The God of Anytown - Ken Schweda
as we have countless times before, we meet to discuss the concerns of flocks throughout our land. for as long as my memory spans, every flock has reported happiness and plentiful seed-places. the only concern is mating rights. this time is different. my report to the group is the same as all others. our flock has not eaten in many cycles. seed-places that have provided in the past are now empty. mating concerns seem unnecessary. at the end of our gathering we all agree, the gods have gone.
this cycle i am too weak to fly, but young ones bring me news from the latest gathering. there is talk of a single seed-place on the outskirts of the land. it is plentiful. many flocks have moved to be near it.
“pale-wing, i need more than rumor to move our flock” i say to the youngling, presenting him with a down feather. “take this feather as my mark. fly to the elder of any flock that has already moved, and ask whether this rumor is true.”
as the youngling flies off i allow myself a single chirp of hope.
Out of necessity Stan never stayed in one place very long. His wife had long since left him, and he had never been able to keep a job for more than a few weeks, though not for lack of trying. Though he was illiterate, he could still make out certain words that appeared in newspapers, and the one he saw often was ‘depression’. He didn’t know exactly what it meant, but he knew it had something to do with the long breadlines he waited in almost every day.
Boxcars always stopped in big cities, so that no matter where he hopped off, there’d be a breadline nearby. Today was different though. This station was in the middle of almost nowhere. Only a long road connected it to a small town off in the distance. Perhaps out of sheer boredom, Stan decided to get off instead of staying on in hopes of landing in one of the usual places.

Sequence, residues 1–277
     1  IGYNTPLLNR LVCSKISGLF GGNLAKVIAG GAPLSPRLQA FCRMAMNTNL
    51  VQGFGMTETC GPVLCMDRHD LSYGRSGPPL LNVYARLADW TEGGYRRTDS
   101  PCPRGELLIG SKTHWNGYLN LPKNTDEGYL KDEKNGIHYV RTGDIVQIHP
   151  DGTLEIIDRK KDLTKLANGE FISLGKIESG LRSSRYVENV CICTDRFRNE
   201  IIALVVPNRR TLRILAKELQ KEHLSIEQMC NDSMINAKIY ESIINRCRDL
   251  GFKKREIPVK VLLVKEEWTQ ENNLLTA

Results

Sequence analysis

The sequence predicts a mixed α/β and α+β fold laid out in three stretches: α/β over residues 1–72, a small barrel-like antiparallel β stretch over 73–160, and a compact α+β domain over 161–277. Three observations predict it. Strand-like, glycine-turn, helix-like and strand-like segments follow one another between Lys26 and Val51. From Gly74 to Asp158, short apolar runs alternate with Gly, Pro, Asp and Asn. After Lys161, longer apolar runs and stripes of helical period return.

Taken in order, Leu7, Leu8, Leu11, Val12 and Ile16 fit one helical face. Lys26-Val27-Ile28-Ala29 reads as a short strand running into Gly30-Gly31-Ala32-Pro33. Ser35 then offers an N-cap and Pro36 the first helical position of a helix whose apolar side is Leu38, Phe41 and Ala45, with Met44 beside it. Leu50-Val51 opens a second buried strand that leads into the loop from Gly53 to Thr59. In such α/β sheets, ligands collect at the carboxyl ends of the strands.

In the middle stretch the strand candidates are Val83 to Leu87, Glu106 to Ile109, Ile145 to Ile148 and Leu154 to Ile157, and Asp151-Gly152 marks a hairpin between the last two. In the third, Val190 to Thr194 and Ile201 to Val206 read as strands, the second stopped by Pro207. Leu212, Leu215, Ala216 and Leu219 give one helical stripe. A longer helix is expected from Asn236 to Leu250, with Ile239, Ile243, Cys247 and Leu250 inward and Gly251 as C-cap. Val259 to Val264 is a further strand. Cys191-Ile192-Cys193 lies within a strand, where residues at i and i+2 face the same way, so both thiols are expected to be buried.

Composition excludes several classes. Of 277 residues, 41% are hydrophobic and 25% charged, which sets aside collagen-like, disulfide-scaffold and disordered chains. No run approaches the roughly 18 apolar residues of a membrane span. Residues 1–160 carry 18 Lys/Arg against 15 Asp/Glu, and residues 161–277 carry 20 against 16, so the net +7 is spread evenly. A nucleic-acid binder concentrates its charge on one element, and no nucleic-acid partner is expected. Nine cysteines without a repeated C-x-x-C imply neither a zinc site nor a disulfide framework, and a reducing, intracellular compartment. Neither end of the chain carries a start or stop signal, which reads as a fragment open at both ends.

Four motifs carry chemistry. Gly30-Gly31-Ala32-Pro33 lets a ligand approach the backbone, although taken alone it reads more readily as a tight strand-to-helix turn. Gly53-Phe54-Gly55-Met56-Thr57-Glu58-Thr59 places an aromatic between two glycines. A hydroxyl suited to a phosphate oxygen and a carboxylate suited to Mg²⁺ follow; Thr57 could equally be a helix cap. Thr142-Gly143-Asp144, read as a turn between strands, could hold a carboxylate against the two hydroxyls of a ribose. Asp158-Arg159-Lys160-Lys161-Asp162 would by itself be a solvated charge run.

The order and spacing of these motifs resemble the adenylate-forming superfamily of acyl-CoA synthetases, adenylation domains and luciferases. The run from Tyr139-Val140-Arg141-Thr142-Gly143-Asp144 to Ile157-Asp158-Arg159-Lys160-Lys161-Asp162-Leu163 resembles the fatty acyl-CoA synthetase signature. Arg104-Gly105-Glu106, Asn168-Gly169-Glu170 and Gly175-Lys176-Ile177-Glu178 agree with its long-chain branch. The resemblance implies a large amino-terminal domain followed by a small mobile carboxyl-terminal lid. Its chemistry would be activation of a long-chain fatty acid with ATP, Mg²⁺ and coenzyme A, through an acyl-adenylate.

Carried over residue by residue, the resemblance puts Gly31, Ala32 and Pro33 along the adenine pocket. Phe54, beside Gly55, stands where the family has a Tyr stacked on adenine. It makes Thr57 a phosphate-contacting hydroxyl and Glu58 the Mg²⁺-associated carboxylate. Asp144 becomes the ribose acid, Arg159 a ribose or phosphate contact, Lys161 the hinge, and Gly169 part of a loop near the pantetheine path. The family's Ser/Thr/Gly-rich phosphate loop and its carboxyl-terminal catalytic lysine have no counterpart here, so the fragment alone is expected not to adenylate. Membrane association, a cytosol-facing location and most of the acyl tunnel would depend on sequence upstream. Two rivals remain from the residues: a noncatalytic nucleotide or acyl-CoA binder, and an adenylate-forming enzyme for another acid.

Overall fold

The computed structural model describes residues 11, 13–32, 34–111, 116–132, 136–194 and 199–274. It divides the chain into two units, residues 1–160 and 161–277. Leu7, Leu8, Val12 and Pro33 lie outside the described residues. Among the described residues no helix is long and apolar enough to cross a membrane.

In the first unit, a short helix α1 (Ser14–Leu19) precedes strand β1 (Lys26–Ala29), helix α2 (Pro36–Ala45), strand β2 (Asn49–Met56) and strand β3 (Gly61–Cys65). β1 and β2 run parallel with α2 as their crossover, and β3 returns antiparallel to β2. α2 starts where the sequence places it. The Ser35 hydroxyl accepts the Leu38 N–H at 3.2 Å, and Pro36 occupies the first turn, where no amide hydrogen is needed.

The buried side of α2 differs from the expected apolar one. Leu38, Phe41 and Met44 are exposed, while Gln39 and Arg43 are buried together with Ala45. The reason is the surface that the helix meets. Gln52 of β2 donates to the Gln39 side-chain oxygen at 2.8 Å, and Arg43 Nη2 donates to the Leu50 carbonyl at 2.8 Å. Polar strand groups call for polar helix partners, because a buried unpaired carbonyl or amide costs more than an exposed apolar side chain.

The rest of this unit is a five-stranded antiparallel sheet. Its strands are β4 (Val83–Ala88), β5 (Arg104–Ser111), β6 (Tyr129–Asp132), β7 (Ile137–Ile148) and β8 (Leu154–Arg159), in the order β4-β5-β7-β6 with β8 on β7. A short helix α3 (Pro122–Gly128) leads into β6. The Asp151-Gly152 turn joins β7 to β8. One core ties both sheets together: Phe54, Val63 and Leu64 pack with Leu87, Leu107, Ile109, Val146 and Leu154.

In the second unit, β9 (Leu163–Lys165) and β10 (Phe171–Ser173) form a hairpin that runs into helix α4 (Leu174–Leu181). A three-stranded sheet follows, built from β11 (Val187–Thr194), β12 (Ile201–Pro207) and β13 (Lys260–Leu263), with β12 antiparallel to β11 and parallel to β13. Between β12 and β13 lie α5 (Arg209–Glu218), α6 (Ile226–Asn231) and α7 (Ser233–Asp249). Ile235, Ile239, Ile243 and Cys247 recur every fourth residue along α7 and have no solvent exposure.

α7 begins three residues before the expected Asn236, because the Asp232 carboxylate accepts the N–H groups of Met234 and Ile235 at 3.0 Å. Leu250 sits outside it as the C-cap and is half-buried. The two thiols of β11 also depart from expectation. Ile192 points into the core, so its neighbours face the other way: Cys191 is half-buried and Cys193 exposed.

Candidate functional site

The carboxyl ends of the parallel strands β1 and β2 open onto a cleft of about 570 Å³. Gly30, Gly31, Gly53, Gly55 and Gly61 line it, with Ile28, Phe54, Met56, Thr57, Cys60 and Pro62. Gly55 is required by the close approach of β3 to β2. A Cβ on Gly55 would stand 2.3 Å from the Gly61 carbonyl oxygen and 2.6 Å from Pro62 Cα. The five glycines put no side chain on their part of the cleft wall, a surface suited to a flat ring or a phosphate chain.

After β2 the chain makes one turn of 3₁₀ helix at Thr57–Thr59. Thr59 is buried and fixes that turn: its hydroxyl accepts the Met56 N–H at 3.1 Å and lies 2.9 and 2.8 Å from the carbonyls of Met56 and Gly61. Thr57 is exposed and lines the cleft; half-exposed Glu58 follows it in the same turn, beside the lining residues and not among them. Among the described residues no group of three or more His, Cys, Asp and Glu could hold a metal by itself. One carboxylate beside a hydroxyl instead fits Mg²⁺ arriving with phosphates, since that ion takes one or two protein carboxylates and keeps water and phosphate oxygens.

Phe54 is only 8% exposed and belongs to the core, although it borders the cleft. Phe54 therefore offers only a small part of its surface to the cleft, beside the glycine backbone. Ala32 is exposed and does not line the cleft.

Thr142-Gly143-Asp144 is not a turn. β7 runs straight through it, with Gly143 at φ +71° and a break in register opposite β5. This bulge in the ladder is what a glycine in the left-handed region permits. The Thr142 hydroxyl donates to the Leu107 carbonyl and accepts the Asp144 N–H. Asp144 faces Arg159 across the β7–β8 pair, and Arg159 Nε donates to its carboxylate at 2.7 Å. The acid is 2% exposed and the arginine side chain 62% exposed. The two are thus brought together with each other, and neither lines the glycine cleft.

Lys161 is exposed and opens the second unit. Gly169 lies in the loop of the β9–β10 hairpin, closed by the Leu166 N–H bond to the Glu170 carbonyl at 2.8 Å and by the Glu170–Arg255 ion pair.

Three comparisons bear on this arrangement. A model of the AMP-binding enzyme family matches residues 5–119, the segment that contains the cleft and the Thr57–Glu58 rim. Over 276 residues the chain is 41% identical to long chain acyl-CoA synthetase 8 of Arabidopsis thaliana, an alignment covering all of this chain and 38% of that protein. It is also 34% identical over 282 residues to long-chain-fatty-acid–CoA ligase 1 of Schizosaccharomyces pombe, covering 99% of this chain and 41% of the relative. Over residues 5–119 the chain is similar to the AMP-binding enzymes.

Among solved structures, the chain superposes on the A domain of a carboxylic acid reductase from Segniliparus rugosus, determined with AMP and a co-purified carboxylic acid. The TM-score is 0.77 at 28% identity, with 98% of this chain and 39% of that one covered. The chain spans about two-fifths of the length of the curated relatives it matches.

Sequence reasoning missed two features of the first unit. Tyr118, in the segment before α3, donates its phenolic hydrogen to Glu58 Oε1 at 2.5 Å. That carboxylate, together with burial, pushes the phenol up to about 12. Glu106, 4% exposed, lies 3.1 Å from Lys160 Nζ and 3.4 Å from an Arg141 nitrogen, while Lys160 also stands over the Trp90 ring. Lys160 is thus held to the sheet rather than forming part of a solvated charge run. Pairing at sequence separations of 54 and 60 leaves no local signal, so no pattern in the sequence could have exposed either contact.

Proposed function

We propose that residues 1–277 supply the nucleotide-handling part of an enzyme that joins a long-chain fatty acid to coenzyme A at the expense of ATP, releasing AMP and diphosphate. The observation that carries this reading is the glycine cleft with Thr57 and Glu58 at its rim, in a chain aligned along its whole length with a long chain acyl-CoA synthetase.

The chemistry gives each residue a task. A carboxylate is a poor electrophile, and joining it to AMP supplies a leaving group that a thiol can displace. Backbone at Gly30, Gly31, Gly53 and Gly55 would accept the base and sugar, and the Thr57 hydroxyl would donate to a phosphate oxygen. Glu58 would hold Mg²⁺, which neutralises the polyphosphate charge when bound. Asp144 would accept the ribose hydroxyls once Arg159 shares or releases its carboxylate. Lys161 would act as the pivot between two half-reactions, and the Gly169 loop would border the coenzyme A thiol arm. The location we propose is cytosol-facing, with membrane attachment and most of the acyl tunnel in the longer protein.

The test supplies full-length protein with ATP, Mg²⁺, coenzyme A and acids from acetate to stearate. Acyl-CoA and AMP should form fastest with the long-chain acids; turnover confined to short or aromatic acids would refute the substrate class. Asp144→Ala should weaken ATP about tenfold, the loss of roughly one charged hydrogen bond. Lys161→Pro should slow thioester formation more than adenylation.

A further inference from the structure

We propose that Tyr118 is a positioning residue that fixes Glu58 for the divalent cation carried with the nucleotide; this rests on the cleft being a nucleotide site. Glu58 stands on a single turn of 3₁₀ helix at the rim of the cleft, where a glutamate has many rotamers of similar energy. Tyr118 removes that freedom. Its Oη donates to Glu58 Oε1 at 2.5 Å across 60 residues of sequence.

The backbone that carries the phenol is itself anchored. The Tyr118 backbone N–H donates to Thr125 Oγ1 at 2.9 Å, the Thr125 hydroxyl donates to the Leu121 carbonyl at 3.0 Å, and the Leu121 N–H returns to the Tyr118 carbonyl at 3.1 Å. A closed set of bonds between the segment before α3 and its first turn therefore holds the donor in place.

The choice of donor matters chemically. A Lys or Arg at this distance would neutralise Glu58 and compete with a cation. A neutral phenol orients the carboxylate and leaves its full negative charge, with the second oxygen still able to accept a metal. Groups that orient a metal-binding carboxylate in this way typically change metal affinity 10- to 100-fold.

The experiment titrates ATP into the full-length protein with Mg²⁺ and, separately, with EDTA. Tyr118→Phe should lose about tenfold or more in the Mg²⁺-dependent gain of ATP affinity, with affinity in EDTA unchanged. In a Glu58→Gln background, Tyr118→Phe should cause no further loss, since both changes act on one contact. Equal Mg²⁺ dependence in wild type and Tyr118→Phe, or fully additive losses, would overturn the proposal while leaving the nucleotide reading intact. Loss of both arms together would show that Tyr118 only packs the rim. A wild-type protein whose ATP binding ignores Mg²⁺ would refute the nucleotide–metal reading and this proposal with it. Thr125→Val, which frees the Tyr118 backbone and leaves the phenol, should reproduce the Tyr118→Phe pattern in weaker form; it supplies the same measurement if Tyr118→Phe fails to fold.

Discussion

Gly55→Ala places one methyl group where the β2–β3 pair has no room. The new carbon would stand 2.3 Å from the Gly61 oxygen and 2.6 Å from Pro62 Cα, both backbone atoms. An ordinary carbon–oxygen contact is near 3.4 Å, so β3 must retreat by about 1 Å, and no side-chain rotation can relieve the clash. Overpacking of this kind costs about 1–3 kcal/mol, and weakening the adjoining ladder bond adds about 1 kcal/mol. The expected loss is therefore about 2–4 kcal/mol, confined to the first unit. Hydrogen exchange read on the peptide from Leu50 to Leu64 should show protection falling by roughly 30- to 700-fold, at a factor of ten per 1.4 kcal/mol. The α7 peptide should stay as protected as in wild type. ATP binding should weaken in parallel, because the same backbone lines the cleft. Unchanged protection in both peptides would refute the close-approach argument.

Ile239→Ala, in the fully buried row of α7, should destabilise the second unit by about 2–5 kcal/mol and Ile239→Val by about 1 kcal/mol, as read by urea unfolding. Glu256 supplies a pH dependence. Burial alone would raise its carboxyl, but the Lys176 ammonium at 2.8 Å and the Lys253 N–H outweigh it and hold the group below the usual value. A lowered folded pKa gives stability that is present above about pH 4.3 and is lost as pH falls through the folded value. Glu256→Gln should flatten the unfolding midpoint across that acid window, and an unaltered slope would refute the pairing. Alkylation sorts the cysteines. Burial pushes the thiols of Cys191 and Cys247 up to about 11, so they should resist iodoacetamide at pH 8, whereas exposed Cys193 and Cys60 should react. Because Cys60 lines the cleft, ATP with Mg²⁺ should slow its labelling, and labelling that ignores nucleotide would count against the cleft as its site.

The town was the opposite of the other cities he’d been to. There were no cars and busses tangled at every street corner. There were no mobs to get caught in, only to take him away from the breadline. For a moment he thought he was in heaven. Then he noticed there were no breadlines either, at least not on this street, and certainly no one to serve out the food. Most storefronts were shuttered, and those that weren’t, had mostly barren shelves. Oddly enough, one of those stores was a pet shop.
Stan walked in to find the clerk asleep behind the register. This store too was mostly empty except for several barrels arranged along the back wall. He meandered over to them and found all were empty except for one partially filled with grass seed. He’d been homeless so long it didn’t occur to him that someone might in fact have a home that had a yard that needed tending.
“Interested in birds are you?” said the clerk, who’d since awakened by the prospect of a sale.
“Me? Are you talking to me?” replied Stan. This town is definitely different, he thought to himself. Folks actually talk to you not at you.
“Yes of course you. I don’t have much else but I do have a little bird seed left. Hardly anyone in town now, and those that are certainly don’t need bird seed. I’ll sell you my last twenty pounds for twenty five cents,” pitched the clerk. “I used to have so much, but it’d just sit here. Finally I just started putting it out back in a bunch of feeders I had from stock that stopped selling too.”
Because of the utter novelty of the situation Stan found himself rummaging for change. And today he hit pay dirt, enough to buy the rest of what was left in the barrel. He had no idea what he was going to do with so much bird seed. But he felt something hitherto unknown to him. It was the feeling of being rich, filthy rich. He also felt hunger, and so set out into the town. There had to be a breadline somewhere.
pale-wing has flown fast and the news he brings me is good. the rumors are true. tomorrow i will tell the flock and we will make the trip to the plentiful seed-place. i am still weak, but i will manage. we will all leave behind a down feather to honor the departed gods, who provided for us in the past. we have no doubt displeased them, but that does not mean we should ignore their past favors to our flock.
it has been only a few cycles since we migrated. today’s first gathering of new flocks promises to be refreshing, with the usual chatter about mating rights, now in our new land. but as the grand elder begins his report the not so distant feeling of dread returns. he says something has changed. his was the first to migrate here, and every new cycle since then has brought new bounty to the seed-places. but now the piles only dwindle and do not get refreshed. there is still plenty for all the flocks for several cycles, but there is worry too.